RAMALLAH, January 25, 2009 (WAFA)- With a trembling voice, Abed Rahhal (25), started telling a story about a child who called SAWA center’s emergency hotline 121 asking how he should escape Israeli bombardment on his neighborhood. for over a week, since the Israeli aggression on the Gaza Strip started on December 27, 2008.
Abed, who answered the emergency hotline (121) launched by SAWA center, was staring at the ceiling. “I want you to write about this,” he said, “he is 12 years old. He was playing with his brother, his neighbor and his friend. He told me he went home because his mother called him, but as he entered the house, an Israeli plane bombarded the neighborhood. He saw his cousin’s head fly away, and his neighbor’s body buried in the nearby house’s rubble. He said, crying, that he dreams about them every night… he said that he was afraid to sleep…”
Abed’s voice showed that he, too, might have been afraid to sleep, it was obvious that he was traumatized, probably as much as the children he helped. He seemed very tired yet very fond of what he was doing.
Abed has answered hundreds of phone calls, from children or parents asking what they should do, how they should deal with their traumatized children, what to do in case of fire, panic, bombardment or any other case.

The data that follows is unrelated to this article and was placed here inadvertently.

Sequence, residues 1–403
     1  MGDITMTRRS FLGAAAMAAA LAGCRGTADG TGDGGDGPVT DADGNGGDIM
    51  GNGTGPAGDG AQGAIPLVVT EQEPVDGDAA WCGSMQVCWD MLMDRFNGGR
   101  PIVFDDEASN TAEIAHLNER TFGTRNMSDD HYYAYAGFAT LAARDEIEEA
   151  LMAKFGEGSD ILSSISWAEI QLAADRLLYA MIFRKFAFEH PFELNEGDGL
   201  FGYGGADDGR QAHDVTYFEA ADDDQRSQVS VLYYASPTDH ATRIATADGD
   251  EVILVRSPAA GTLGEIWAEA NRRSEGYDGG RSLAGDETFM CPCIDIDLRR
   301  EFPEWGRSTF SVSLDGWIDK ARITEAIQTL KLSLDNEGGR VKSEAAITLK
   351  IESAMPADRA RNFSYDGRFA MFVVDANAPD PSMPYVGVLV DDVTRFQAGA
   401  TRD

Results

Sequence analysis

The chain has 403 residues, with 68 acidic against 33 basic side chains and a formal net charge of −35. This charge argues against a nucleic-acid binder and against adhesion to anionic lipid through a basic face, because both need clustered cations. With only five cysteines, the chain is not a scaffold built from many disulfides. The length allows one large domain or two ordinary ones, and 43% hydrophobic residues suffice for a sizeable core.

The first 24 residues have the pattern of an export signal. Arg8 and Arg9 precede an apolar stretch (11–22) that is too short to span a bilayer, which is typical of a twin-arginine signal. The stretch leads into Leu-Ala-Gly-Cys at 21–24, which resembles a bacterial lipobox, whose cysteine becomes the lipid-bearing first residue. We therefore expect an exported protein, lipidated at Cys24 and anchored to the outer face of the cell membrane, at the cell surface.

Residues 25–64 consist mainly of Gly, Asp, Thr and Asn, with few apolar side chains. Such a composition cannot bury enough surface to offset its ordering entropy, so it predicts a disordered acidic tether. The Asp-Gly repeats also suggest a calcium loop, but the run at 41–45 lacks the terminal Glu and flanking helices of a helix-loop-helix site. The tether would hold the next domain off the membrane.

“A thirteen-year-old girl once called asking how she should calm down her little brothers who were crying in fear, but the phone line went off suddenly. She called back after a short time, her voice was shivering, and the sounds of her little brothers crying was heard over the phone, she said that her neighborhood has been bombarded… I calmed her down, and gave her some instructions on how to deal with such emergency situations, but I wonder what happened to that child, I wonder if she is alive, or was killed.”
The emergency hotline 121 was launched by SAWA center to help traumatized children in Gaza, and their parents get through the crisis with the least psychological effect possible.
“Yet, the mission is far from being easy,” said the Center’s lawyer Jalal Khader, “the phone networks in Gaza are damaged, so are the electricity networks, and we cannot spread the word on the hotline to make it known for all citizens.” He specified that documentation is one of the most important things to be done, because documentation makes the tangible evidence that ensures the victim’s rights to be guaranteed.”
SAWA center’s hotline 121 has become the Gaza Strip’s space to vent their fear and frustration, to seek information on how to deal with trauma, danger or difficult situation. It does, evidently, serve the Center’s vision to alleviate suffering of women and children, to protect them from all types of violence and, most important, to teach them how to protect themselves.